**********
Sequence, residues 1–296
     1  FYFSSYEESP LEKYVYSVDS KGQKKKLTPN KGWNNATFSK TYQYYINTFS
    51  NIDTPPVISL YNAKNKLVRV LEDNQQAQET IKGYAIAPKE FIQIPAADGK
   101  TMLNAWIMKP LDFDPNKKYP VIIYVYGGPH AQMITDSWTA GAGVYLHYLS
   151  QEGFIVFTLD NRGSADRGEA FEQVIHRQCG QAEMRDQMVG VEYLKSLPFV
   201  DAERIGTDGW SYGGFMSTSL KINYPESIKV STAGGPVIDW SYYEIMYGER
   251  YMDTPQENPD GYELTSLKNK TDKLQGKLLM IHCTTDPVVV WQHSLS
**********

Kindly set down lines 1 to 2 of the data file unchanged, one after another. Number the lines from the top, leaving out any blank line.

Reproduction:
Sequence, residues 1–296
     1  FYFSSYEESP LEKYVYSVDS KGQKKKLTPN KGWNNATFSK TYQYYINTFS